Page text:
Another trick with the malt in a schwarzbier? “You don’t want to extract bitterness,” says Lukey. “You want that roastiness balanced with the maltiness of the beer.” For that reason, Lukey says many brewers use dehusked or debittered roasted malts to reduce the amount of bitterness.

Do Hops Play a Role in Schwarzbier?

Of course they do! It’s just not a starring role. The hops are more of a Chewbacca than a Luke Skywalker, if you get our drift. They’re there as a supporting character.

But the type of hops is important. “With schwarzbiers, you want to use traditional noble hops,” says Lukey, who deploys German Tettnang in Midnight Hour. But any German noble hop variety will do here. For example, Tettnang, Hallertau Mittelfrüh, or Saaz all work well in schwarzbiers.

“The big thing is the aroma and the taste,” says Lukey. “Instead of American hops, where you’re talking about huge tropical, stone fruit notes, these are very earthy, woody, herbal, slightly spice hops.”

All help accentuate and balance the maltiness and roastiness.

“Hops are important, but not like in IPAs,” says Hughes. “You want that floral, earthy taste from the hops, but the biggest thing is to balance and help zip up the beer.”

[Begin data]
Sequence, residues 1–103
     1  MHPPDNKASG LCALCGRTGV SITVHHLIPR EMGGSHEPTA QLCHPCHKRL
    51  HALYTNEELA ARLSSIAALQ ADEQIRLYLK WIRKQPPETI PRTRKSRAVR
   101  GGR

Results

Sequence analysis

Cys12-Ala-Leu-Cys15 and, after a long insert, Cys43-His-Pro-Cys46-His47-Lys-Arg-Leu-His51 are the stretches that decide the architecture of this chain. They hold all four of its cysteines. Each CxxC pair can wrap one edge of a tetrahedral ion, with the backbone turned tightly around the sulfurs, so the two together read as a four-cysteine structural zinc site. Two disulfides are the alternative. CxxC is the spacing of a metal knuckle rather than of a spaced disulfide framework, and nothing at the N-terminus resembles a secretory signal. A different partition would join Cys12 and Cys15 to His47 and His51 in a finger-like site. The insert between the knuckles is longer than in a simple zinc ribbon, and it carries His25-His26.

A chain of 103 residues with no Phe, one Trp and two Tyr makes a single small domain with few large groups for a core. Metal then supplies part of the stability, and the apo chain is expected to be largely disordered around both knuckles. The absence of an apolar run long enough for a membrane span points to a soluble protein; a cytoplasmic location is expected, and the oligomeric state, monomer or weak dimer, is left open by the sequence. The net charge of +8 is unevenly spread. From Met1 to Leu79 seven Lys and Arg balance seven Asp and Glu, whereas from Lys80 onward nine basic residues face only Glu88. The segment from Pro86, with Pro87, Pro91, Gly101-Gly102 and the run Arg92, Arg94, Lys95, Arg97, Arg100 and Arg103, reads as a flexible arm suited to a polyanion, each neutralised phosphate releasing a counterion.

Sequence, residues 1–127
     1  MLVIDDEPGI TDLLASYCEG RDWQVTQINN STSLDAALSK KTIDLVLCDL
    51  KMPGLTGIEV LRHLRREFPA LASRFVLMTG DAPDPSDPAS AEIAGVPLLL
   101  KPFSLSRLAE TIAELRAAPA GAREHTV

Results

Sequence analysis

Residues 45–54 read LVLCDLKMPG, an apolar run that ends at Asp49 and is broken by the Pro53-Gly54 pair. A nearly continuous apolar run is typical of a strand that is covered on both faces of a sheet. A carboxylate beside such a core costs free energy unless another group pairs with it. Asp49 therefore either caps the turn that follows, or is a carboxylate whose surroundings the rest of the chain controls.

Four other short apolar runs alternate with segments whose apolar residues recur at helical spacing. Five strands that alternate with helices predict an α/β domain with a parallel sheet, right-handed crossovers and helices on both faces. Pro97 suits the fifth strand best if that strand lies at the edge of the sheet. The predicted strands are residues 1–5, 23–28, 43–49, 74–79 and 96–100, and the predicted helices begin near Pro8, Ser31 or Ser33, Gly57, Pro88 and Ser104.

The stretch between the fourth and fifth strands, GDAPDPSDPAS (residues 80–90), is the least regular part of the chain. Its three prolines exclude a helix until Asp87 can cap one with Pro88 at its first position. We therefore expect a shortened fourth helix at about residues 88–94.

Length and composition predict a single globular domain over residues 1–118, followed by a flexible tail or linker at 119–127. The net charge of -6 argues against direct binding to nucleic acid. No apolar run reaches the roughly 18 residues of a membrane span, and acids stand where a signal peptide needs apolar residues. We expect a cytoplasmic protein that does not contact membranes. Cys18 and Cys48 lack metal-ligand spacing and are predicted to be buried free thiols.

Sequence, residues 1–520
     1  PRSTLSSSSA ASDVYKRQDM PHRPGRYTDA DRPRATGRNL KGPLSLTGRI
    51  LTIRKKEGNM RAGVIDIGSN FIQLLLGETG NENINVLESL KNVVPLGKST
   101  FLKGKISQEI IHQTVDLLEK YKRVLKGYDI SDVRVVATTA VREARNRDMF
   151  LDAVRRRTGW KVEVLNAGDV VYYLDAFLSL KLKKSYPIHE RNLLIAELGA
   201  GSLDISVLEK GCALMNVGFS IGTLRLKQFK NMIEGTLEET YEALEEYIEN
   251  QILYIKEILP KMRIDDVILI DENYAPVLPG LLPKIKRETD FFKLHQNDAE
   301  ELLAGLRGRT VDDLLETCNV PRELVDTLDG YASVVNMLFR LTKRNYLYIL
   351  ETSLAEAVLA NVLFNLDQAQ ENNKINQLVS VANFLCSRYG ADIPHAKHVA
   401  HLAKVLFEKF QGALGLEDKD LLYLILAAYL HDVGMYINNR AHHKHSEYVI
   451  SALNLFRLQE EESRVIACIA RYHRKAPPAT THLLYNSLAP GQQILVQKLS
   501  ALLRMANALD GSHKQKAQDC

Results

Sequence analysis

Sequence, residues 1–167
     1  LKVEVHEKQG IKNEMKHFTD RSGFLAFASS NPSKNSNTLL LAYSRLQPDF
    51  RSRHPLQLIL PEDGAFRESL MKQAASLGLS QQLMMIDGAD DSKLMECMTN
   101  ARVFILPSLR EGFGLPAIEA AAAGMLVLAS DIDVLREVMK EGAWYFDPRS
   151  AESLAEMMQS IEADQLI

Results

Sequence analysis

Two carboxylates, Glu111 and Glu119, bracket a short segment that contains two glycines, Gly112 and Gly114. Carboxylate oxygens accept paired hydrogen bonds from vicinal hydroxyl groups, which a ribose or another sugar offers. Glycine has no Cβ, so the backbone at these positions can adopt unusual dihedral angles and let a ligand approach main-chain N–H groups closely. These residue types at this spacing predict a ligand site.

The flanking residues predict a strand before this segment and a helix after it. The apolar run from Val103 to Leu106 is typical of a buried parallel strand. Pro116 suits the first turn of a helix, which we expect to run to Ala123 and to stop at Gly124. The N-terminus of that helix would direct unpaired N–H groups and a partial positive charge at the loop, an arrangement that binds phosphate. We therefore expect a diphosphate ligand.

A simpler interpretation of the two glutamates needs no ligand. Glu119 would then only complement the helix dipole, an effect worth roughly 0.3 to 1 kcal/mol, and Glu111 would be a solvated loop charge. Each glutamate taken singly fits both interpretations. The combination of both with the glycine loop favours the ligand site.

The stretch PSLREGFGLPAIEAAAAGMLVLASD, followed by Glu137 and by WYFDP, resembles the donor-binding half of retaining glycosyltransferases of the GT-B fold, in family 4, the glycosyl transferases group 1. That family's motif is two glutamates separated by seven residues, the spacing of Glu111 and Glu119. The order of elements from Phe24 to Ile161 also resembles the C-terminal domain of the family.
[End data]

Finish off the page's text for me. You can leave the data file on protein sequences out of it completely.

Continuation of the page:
Take Us Through a Tasting of Schwarzbier

eventide brewing midnight hour schwarzbier
Photography courtesy of Eventide Brewing

Pouring out a schwarzbier, you should find a beer somewhere between a dark brown and ruby garnet to a jet black.

However, for some brewers, black is the only way to go. “The word literally translates to black beer … so if you call something a black beer, to me, it has to be black,” says Hughes. Accordingly, Night Light pours out pitch black.

On the tasting, you’ll get a full blast of malt. “Not so bready, but there is a sweetness to it,” says Lukey, explicitly referring to Midnight Hour. “The roast comes out immediately, and you get that chocolate coffee, but not bitter at all.”

Hughes likes to note a tiny bit of roast, dark caramel, and breadiness in schwarzbiers, but “still something really clean and easy to drink.”

Of course, the characteristic dry finish of a schwarzbier is very important, preparing you to want another sip immediately.

Some might call it addictive even.

Schwarzbiers Are Dark, But They’re NOT Stouts. Yet They’re Damn Delicious

eventide brewing midnight hour schwarzbier
Photography courtesy of Eventide Brewing

If you remember anything from this article, it should be this: Schwarzbiers are dark lagers; they are NOT stouts.

“Some people think that schwarzbiers are the stout of Germany, but I would argue it’s not,” says Hughes. “It’s still a lager, so it should still have that really crisp base malt and be something zippy, but with a tiny bit of roast to make you feel like you’re drinking a dark beer.”